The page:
Judge forces abuser to have dinner with victim. “You can be as violent as you want, you buy dinner and some flowers and that’s it”

This news seems like a (bad) joke, as absurd and scabrous it is, but this happened in a court in Portugal, which is the norm. What is even more shocking, if that’s possible, is that this sentence was handed down by a female judge, who in turn followed the advice of another female prosecutor in this ultra-absurd sentence and so criminal and humiliating against the woman victim.
This case is the perfect example of how Portuguese “justice” works, no matter what the case, this is the rule and not the exception, in the overwhelming majority of cases it blatantly protects the criminal and punishes the victim, through outrageous and deeply revolting sentences like this one.

Not even the fact that the judge and the public prosecutor were also women spared this abused woman from such a criminal and retarded sentence, as only in Portugal could such an aberration of a sentence be produced.

Portugal is a veritable disgusting stone-age madhouse of very creepy “people”!

The following article is a translation. You can find the link to the original website at the end of it.

Psychologists alert to the contradictory message that the measure conveys: on the one hand, it brings a feeling of impunity to the aggressors; on the other hand, it can make victims desist from pressing charges. Lawyers say “not a normal solution at all”.

According to the news advanced on Friday by Correio da Manhã, the judge agreed with the position of the Public Ministry, which suggested the suspension, despite having proven the crime of offense to physical integrity, classifying it, however, of “average illegality”.

“This is everything we don’t want to happen when we resort to institutions that should protect us”, begins by telling psychologist Catarina Lucas to CNN Portugal, noting that this decision “generates a feeling of helplessness and disbelief”. “People question themselves, question whether they are doing the right thing. Victims often already have feelings of guilt and this can reinforce these wrong beliefs.”

Daniel Cotrim, psychologist, technical adviser to the APAV board since 2001, regrets that this type of situation is not unprecedented in Portugal, despite acknowledging that “there has been, in the last three, four years, greater attention to what are denouncements and victims’ rights and, above all, respect for what they say and report”.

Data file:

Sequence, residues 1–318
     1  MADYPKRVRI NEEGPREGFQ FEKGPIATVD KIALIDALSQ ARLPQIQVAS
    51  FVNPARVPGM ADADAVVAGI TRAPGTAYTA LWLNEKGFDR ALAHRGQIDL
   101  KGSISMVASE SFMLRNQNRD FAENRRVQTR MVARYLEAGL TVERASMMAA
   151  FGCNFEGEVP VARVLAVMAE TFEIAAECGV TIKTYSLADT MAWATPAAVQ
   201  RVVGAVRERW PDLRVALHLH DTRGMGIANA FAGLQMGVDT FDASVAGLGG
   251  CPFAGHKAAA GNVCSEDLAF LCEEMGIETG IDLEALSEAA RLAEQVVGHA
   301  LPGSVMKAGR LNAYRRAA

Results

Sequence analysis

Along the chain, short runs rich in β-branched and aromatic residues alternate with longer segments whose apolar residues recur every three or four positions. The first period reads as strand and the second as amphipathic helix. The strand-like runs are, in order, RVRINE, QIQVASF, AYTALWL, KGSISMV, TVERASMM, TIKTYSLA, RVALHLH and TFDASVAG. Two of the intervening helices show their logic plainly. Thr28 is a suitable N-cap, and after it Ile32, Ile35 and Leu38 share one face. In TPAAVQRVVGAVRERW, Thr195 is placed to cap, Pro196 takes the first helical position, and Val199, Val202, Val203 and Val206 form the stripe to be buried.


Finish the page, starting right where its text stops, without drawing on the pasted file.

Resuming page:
Experts heard by CNN Portugal warn of the impact that decisions like these have not only on this alleged victim – who was allegedly attacked on February 26, 2022 -, but also on all other people who experience situations of domestic violence.

“Unfortunately, it happens more than people think. This type of decision is common,

but it used to be more common than it is now”, emphasizes Daniel Cotrim, also reinforcing the impact that this type of measure has on the feeling of guilt that the victim tends to feel and that, many times, leads to that it takes longer to file a complaint or does not file a complaint at all.

“It is as if the system that the person seeks to help them said: ‘you are the one who has to decide, because you are a victim and it is not that important’. There is a feeling of devaluation”, continues the specialist, who is also a professor at the CRIAP Institute, an establishment specializing in the field of Mental Health.

Mixed message for victims

“It’s continuing the idea that husband and wife don’t get involved”, says Daniel Cotrim, when asked what message such a measure conveys.

For Catarina Lucas, the imposition placed on the aggressor to deal with the victim is “serious” and sends a “contradictory message”: “be reconciled with your aggressor”.

“It’s as if we were looking at domestic violence as a matter between husband and wife and that is resolved with a conversation”, laments Daniel Cotrim, who points out that

“other victims will be afraid to file a complaint, they don’t understand the message of the system, the same system that tells you to get out of the violent reaction is the same one that forces you to go out to dinner and go for a walk with the aggressor”

“No, we do not have to accept violence, tolerate any kind of aggression, whether physical or psychological. And this sends a contradictory message to people who are victims of violence”, shoots Catarina Lucas. “This is, at bottom, a generalized message to victims that it is not even worth pressing charges.”

Catarina Lucas and Daniel Cotrim agree on another side effect that this measure may have: if, on the one hand, it may discourage victims of domestic violence from filing a complaint, on the other hand, it may lose the “dissuasive” effect that judicial bodies should to have.

“It can cause a feeling of impunity [in the aggressors], that nothing happens. These behaviors are not conveniently punished, there is no deterrent effect”, says Catarina Lucas.

Daniel Cotrim also says that this measure “clearly brings a feeling of impunity to all aggressors, reinforces what they say to their victims, that ‘no one will believe you’”.